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Cassava a big export

AN appeal is being made for farmers to grow more cassava to allow the Trinidad and Tobago Agri-Business Association (TTABA) to export ground provision throughout the Caribbean.

According to the association’s communications consultant, Marissa Findlay, who spoke at a workshop in Tableland, Princes Town, on cassava production on Tuesday, Government was starting to export ground provision to neighbouring islands, and were in need of cassava.

“We have the quantity to export, but demand is growing, so we have to get our farmers to grow more,” she said.

Findlay said cassava was a delicacy which was in high demand, especially at hotels and supermarkets.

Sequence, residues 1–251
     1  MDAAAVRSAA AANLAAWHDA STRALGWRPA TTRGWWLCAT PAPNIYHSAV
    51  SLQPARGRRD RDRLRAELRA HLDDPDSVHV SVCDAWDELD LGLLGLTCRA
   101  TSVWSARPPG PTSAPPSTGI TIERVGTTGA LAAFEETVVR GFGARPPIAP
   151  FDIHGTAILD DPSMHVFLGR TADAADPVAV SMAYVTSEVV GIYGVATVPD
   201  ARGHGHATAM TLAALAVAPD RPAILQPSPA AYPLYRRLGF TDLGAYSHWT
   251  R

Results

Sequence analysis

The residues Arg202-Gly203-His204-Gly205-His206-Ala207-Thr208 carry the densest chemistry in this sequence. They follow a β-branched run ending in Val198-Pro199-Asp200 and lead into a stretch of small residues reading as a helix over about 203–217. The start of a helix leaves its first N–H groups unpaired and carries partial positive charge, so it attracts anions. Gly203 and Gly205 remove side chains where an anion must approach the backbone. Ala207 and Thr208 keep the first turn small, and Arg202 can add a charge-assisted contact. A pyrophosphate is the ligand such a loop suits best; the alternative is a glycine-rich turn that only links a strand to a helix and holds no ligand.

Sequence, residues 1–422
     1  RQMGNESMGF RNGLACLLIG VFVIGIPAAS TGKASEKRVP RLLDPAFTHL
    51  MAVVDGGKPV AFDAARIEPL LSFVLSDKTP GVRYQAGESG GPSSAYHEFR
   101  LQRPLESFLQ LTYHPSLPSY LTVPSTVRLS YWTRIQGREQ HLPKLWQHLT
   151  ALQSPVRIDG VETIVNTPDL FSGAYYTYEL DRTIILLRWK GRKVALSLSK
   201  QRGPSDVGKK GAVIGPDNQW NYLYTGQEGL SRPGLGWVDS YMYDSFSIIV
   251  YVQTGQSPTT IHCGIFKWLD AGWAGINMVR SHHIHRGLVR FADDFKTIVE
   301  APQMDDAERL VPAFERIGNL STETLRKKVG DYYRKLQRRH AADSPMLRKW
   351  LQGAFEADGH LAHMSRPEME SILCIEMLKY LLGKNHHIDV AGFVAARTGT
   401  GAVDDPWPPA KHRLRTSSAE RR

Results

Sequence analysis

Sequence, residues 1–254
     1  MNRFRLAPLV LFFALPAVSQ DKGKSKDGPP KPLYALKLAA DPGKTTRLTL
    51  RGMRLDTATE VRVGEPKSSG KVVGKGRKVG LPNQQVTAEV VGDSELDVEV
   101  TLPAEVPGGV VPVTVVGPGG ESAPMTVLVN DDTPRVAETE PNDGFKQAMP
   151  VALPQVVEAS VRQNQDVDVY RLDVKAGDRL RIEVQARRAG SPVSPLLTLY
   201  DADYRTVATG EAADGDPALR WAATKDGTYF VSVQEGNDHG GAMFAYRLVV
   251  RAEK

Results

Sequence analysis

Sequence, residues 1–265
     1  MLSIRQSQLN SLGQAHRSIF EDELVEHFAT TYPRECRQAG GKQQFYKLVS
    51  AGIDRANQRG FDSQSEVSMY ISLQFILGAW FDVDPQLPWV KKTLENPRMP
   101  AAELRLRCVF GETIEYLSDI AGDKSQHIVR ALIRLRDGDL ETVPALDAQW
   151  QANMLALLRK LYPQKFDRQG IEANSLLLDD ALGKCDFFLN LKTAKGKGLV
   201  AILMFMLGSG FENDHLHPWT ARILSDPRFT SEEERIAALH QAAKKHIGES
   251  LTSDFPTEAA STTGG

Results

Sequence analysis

Already, cassava is being cut into fries, wedges and made as croquets and is being juiced.

Cassava flour is also a big seller abroad, Findlay said.

At the workshop, the association displayed a range of cassava products and officials lectured to farmers on new techniques in planting cassava.

The association also noted that it intends to use a specific type of technique to burrow into the soil and destroy the pests which attack the cassava root.

Last year, the association held a similar workshop at Sevilla, Couva.

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